A New Deal

A New Deal

Ed Asner returns to Pasadena as ‘FDR'

By Carl Kozlowski 10/16/2013

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Veteran actor Ed Asner has remained both highly political and widely respected for his work and his anti-war views in a career that has spanned six decades. But on Saturday, the legendary thespian will be bowing to a man he and many others worshipped during his time - President Franklin Delano Roosevelt - in the one-man show "FDR" at Caltech's Beckman Auditorium.

"What appeals to me is the fact that the man was a god to me," says the now 83-year-old Asner, who grew up during Roosevelt's time in office, from 1933 to 1945. "So I'm presuming to play God. He strongly affected my life and affected the lives of every American and most of the people in the world."

Asner, a former two-term Screen Actors Guild president, has been portraying America's only four-term president for the past four years, touring the US to deliver 30 to 40 performances annually. The show is based on Dory Schary's Broadway hit "Sunrise at Campobello" and explores FDR's life and the events and decisions that shaped a nation. In it, the president reflects on his years in office - from inauguration to the trials of World War II.

This isn't the first time Asner has brought the show to the Crown City, with a multi-show run at the Pasadena Playhouse in October 2010. He found that experience unsatisfying, however, as the then-troubled theater was lacking in its promotion of the show amid the throes of recovering from years of financial hardship before its remarkable current renaissance.

Asner notes that he's been trying to keep audiences entertained with a little more humor. "The show is fairly set, except I try to bring more comedy into the performance than in the past," says Asner, who notes that he hasn't seen Bill Murray's portrayal of FDR in the 2012 film "Hyde Park on Hudson." "You can't afford to have too many laughs, and it wakes them up, believe me. I may ad lib, but don't worry, I don't do pratfalls."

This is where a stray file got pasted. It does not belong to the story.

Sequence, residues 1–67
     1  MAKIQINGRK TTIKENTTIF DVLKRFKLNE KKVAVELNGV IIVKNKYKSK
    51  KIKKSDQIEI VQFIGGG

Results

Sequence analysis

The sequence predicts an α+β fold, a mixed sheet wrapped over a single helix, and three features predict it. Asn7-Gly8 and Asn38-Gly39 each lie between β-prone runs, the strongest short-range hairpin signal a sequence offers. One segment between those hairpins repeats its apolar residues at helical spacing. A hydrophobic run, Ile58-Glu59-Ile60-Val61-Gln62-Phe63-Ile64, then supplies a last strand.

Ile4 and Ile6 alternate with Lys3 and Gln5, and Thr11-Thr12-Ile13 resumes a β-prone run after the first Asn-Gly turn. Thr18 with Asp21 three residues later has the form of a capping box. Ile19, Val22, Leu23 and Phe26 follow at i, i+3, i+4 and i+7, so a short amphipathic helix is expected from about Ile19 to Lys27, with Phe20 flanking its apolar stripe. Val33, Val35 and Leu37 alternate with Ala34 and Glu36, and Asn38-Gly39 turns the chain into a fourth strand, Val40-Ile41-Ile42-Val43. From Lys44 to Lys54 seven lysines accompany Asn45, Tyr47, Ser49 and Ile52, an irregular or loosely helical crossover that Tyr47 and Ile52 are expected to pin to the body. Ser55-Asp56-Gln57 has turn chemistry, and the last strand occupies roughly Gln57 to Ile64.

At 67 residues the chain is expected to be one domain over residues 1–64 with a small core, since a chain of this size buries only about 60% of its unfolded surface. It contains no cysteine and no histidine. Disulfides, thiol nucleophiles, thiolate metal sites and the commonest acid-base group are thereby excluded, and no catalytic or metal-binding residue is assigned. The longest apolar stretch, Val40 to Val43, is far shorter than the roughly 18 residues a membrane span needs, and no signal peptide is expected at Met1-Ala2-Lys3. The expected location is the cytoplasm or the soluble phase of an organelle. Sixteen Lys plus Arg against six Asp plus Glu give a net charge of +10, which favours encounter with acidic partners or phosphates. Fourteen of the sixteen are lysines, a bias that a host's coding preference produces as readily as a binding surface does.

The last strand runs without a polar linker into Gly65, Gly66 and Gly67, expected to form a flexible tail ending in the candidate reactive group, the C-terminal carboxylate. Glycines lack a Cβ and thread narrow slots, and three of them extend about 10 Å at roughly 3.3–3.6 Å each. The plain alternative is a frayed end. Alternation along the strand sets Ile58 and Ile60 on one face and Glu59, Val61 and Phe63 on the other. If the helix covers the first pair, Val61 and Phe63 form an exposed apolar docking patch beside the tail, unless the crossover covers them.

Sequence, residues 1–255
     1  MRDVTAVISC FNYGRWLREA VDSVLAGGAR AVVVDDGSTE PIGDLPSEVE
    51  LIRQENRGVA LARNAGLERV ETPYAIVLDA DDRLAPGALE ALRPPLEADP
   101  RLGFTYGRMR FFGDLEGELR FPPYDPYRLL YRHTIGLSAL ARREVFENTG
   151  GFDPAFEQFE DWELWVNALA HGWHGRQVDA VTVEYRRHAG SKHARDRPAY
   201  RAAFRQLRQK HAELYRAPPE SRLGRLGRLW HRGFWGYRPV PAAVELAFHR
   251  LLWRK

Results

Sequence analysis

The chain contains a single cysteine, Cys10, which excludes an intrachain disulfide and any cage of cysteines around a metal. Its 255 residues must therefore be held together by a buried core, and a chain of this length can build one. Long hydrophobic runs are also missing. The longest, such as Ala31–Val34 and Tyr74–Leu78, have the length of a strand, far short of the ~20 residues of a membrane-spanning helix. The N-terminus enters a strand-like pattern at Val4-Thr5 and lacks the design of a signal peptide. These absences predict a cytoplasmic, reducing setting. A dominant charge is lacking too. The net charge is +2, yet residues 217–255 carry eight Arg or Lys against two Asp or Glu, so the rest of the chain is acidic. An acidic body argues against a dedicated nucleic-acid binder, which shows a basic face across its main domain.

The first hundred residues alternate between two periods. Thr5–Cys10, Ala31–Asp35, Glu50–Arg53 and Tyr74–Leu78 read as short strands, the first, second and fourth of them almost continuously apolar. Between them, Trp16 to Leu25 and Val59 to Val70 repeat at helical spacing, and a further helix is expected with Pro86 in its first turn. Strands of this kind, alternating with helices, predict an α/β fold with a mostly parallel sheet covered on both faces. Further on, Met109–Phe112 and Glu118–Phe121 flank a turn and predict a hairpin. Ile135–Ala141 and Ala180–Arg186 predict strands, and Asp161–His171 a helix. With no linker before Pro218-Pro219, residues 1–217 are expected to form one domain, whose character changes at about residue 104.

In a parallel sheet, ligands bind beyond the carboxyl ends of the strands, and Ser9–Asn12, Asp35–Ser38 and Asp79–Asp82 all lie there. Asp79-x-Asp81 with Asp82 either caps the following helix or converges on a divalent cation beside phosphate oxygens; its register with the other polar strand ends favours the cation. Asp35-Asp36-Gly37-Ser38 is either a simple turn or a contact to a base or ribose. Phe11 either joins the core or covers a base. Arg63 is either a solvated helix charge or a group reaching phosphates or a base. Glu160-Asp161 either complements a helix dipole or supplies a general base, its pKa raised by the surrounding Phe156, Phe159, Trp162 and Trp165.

One thing that longtime liberal activist Asner is serious about is the current political stalemate that's threatening the nation in Washington, DC. He feels FDR "would have found a faster way to boot the rascals out if he were in power now," but while he empathizes with the struggles President Obama is currently facing with Congress, he expresses deep disappointment with some aspects of a presidency he hoped would mark a return to progressive ideals after a near-decade of disaster with President George W. Bush.

"Most of the time, Obama's had to react rather than act," says the outspoken actor. "After the debacle of George Bush, there couldn't be too much for Barack Obama to do. No matter what he did with his power, it wouldn't be too much. He was hesitant and minimal in many of his efforts.